December 2016: Emma Camp
Emma Camp is a seventeen-year-old from Birmingham, Alabama, and the Blog Editor of Sugar Rascals. Her work has been featured in Canvas, Blue Marble Review, The Interlochen Review, Sugar Rascals, Rookie, Girlspring, Cicada, Aura, and Polyphony H.S., and is forthcoming in Venus and The Orange Island Review. Her work has been honored by Hollins University and Gannon University, and has been awarded two gold medals in the Scholastic Art and Writing Awards. Emma is an avid member of the spoken word community. She attended the 2016 Brave New Voices International Poetry Slam in Washington DC, where she was a finalist for the #itooamamerica poetry contest, and was privileged to perform at the John F. Kennedy Center for Performing Arts. She also received first place in the Birmingham Public Library's high school slam, WordUp! In her small amount of free time, Emma can be found enthusiastically performing Shakespeare and cuddling with her cat.
-After the Isla Vista killings
A hand passes over my mouth.
Skin fluttering, something rustles.
Like a bee. Like a girl’s skirt.
I must imagine her with skin peeling.
Body curled into gunshot.
Caressed like a jackknife.
I must remember all the times men
have slipped their hand around my waist,
palm pressing into ribs.
How soon before a glance becomes blood.
Lips part just to choke out seafoam,
mouth seizing over screams.
A hand passes over my mouth.
Red that soaks into blonde, little by little.
Rippling like the open part of a wound.
A Conversation with Emma Camp
Richa: What is your definition of creativity, and how does it relate to your poetry?
Emma: My definition of creativity is the ability to find the remarkable in the clinical, the glimpses of magic and metaphor in the simplest of actions. So often, my poetry deals with subjects of political importance, and I believe my responsibility as a poet is to find beauty and meaning in such casually reported subjects.
Richa: What do you believe is the best poem you've ever written? Would you mind telling us more about it?
Emma: That’s a hard question to answer because it’s always changing for me. I write constantly, and find myself falling in love with different poems just as often. Right now, I think the best poem of mine is “In McCalla, Alabama, There is Screaming”. I began writing it last summer, when a man living less than a mile from my house murdered his entire family. It was a very real and visceral tragedy for my community, and through writing the poem, I was able to understand my own mourning, as well as explore the themes of victimhood and violence against women.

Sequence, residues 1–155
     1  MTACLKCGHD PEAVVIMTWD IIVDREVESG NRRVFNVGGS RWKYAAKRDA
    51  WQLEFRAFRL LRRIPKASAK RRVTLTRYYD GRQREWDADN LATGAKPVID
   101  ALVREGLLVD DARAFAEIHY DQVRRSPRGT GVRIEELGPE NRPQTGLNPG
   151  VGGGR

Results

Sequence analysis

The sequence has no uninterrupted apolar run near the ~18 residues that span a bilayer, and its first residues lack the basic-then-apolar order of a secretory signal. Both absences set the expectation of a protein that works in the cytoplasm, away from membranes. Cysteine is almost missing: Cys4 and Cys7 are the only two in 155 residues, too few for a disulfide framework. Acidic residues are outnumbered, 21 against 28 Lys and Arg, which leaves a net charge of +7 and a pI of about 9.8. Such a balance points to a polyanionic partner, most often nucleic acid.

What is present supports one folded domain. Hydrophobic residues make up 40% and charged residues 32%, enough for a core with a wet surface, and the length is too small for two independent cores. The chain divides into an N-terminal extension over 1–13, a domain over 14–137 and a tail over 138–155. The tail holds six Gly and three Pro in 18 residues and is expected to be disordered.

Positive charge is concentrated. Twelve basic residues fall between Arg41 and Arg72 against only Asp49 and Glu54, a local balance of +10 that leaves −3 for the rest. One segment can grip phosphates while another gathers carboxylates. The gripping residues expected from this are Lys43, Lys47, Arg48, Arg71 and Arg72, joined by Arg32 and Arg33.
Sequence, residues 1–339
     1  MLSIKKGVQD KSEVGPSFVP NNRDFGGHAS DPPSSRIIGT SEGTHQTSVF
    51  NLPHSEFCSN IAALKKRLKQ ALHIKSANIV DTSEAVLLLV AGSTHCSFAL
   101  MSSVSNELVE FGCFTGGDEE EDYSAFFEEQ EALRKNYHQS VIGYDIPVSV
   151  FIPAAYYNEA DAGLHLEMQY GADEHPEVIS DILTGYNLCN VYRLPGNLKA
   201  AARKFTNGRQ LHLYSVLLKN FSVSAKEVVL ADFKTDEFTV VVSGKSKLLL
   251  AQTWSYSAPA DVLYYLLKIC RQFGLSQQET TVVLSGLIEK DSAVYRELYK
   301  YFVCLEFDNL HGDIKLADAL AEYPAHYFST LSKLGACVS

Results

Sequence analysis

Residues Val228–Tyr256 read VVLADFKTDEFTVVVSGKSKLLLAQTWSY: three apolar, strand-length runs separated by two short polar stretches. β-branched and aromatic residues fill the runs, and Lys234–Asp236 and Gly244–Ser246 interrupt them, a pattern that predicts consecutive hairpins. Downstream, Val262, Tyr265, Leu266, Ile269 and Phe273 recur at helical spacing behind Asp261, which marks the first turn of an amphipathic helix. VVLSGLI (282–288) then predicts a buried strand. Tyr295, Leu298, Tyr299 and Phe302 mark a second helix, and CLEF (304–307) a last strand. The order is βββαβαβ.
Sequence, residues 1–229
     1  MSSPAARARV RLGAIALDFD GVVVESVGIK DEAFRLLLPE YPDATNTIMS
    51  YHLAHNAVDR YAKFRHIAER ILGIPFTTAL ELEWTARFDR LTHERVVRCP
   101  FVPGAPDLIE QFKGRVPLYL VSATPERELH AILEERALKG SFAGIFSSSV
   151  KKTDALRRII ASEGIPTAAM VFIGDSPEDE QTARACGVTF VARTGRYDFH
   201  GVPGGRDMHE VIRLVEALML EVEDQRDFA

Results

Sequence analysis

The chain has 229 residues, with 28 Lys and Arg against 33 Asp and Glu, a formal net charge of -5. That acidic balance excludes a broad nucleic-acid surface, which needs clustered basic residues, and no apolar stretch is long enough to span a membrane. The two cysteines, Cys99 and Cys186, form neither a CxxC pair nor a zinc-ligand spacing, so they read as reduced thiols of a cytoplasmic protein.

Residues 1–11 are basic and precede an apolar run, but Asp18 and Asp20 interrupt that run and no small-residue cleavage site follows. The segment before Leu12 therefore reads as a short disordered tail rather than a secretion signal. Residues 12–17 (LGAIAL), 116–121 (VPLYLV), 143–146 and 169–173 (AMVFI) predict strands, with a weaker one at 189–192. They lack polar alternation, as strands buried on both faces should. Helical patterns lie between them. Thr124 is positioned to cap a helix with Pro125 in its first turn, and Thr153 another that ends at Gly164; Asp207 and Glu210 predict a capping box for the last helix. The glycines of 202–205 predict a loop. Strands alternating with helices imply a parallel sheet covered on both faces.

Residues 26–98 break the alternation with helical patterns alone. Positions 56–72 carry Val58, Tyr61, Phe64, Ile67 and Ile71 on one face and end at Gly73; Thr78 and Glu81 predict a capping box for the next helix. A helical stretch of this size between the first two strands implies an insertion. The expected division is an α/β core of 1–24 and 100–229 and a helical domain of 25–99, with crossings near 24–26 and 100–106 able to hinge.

In McCalla, Alabama, There is Screaming
When the man down the street
murdered his family, the house
was as open as a prophet: a girl’s
skirt splayed apart like hydrangea
petals peeling over
into ceramic white.
There is a stillness to be found
in bullets to the head, the way thirty-six
puckered wounds grew
soft under mother’s quilt.
I like to think the street bled after.
Concrete unfurled as a scream
the bodies yellowed into quiet bloating.
Richa: Is poetry your main avenue to creativity, or do you dabble in other art forms as well?
Emma: Poetry is the dominating art form in my life, but I’ve been having an ongoing love affair with Shakespeare for several years. The two worlds of poetry and theatre often collide for me, resulting in a two-month period last year in which I demanded to only write Shakespearean sonnets in iambic pentameter, officially crowning me the queen of nerds. Performing Shakespeare is what makes me happiest in life, and I find that theatre, especially Elizabethan theatre, is a fantastic way to stretch one’s literary muscles without necessarily writing.